The demand for pain medication in the UK has been rising rapidly, mirroring trends in the US. There has been a steep increase in prescription for pregabalin and gabapentin pills, which are class C drugs due to their high strengths and addictiveness. “Chronic pain is the greatest clinical problem in the UK behind depression,” adds Close. “The response rate to the current treatments is very low.”
Some observers have described this rise in pain, and the absence of an effective treatment, as the collateral damage of the war on drugs, thanks to the politically-motivated prevention of research and enforced scientific dormancy. And the US opioid crisis is a stark example of these warped priorities. It has resulted in tens of thousands of deaths – partly due to institutional medical negligence driven by profit – when potentially better treatments may have otherwise been made available.
“There was a concerted strategy on the part of certain bad actors to promote these drugs to individuals who didn’t have the right medical indication for them as a business strategy to create addiction,” says Pustilnik.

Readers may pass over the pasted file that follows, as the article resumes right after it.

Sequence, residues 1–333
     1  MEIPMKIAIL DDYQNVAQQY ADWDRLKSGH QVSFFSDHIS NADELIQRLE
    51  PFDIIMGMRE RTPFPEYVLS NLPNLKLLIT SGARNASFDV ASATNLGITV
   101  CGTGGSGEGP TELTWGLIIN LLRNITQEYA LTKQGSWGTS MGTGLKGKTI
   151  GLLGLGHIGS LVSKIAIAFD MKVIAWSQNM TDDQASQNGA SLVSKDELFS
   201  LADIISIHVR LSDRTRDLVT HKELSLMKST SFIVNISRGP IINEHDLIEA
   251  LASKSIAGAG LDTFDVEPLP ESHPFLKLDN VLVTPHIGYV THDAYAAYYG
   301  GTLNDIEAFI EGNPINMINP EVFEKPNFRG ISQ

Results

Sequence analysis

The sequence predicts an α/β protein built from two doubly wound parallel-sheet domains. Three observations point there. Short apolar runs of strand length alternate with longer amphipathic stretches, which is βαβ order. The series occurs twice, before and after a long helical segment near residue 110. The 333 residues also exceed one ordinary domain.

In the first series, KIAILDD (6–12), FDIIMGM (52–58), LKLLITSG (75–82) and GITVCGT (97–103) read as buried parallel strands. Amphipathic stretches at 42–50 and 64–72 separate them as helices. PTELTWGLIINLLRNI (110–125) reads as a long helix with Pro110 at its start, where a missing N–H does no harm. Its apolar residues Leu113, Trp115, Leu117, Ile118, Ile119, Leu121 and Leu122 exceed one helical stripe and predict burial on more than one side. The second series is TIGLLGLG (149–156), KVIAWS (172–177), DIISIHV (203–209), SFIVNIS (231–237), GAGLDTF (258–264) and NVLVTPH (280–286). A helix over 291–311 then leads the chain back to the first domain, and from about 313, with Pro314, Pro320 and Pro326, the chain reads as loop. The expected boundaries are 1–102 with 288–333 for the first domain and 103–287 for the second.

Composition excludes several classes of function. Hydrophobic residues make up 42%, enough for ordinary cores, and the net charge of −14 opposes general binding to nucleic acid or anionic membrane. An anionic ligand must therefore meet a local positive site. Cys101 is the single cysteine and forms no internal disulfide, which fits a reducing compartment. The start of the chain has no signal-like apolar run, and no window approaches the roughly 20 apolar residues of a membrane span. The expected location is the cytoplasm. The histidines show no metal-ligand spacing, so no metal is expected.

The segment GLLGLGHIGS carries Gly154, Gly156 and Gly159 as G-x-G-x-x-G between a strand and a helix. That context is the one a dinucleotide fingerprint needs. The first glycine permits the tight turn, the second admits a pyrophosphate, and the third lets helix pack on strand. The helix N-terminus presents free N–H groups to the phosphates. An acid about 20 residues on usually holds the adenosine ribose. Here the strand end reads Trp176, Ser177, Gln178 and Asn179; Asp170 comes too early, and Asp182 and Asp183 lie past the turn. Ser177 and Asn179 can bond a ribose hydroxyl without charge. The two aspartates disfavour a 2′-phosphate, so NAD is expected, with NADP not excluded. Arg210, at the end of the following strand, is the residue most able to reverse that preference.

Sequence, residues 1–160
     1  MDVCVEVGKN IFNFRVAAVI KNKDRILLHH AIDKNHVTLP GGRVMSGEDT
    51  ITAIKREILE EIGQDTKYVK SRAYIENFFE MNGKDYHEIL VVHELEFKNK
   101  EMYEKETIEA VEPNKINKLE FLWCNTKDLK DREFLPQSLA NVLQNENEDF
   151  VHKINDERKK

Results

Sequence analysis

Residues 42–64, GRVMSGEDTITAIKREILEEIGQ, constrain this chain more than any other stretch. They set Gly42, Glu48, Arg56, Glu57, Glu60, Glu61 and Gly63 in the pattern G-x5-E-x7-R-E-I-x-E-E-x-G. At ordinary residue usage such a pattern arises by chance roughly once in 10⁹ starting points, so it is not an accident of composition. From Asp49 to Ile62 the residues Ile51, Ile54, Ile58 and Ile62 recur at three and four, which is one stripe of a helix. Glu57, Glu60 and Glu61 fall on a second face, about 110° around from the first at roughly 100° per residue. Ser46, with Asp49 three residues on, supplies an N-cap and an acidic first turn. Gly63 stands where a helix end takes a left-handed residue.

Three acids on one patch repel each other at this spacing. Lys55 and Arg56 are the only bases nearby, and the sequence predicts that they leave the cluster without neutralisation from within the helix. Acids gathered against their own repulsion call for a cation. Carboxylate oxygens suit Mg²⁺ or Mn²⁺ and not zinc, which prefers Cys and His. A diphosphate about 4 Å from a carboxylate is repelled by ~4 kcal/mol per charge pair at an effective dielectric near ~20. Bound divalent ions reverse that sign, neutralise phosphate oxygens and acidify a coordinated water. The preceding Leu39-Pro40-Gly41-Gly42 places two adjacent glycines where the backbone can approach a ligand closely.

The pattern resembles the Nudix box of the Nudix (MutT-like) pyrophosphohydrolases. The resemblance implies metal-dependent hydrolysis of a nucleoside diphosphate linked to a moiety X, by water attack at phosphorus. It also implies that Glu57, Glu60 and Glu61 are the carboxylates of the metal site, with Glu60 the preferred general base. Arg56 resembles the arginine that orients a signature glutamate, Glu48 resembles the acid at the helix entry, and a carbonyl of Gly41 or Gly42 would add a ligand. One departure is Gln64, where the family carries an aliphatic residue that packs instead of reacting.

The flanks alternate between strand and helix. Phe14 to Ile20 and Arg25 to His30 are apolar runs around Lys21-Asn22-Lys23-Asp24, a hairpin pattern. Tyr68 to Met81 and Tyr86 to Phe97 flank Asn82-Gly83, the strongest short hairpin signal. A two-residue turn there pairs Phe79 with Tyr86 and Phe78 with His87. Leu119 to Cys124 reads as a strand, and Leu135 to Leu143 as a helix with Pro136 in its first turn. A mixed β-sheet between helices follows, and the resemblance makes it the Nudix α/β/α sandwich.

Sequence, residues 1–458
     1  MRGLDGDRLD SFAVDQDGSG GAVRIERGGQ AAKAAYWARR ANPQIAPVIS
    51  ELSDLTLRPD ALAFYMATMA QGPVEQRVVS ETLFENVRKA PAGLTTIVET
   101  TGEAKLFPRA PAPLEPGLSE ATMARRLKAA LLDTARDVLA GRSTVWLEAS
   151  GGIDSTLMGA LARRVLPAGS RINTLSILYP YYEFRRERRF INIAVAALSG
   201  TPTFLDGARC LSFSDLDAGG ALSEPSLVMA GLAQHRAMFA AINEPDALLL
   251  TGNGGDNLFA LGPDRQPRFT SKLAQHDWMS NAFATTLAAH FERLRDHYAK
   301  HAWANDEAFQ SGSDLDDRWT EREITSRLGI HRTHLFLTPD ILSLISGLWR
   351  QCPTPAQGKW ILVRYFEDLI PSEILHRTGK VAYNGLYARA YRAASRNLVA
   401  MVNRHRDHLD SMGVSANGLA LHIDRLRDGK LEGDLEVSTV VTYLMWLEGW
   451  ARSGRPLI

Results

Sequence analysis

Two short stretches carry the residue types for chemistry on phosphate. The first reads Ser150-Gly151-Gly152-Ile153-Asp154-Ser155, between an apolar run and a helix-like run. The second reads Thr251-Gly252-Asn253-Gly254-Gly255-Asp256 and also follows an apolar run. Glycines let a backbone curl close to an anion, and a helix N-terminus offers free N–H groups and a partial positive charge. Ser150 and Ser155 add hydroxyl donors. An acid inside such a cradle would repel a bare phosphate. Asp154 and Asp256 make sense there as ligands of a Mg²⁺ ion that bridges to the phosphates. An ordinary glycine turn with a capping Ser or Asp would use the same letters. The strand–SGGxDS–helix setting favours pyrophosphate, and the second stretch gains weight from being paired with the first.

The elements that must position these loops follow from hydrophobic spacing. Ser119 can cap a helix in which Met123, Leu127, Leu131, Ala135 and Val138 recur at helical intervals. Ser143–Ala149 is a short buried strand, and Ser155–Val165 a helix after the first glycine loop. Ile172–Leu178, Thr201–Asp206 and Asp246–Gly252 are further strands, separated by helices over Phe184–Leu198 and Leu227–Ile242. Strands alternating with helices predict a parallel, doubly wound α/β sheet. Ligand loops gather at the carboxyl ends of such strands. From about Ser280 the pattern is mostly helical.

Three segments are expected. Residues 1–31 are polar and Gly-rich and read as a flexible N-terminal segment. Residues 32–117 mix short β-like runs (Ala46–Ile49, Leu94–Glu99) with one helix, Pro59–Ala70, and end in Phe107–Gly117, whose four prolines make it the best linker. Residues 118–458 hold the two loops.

Pressure is growing on health authorities to rapidly fund research and sanction the treatments through exemptions – such as in Canada – while the British prime minister has faced high-profile calls from within his Tory party to downgrade psilocybin from the strictest scheduling in order to reduce barriers to research.
“I tried dozens of medications including blood pressure pills, strong painkillers, oral steroids in huge doses and nerve blocks into the back of my head. But rather than properly treat me, I gained weight, was sleepless, agitated, got kidney stones, experienced cognitive fog and memory issues, plus my bones thinned and my joints became weak,” says Course, one of thousands of people to have used psilocybin to treat their pain.
“I find it very difficult to accept that psilocybin is classed as a schedule one drug, which we are told has no medical or therapeutic properties.”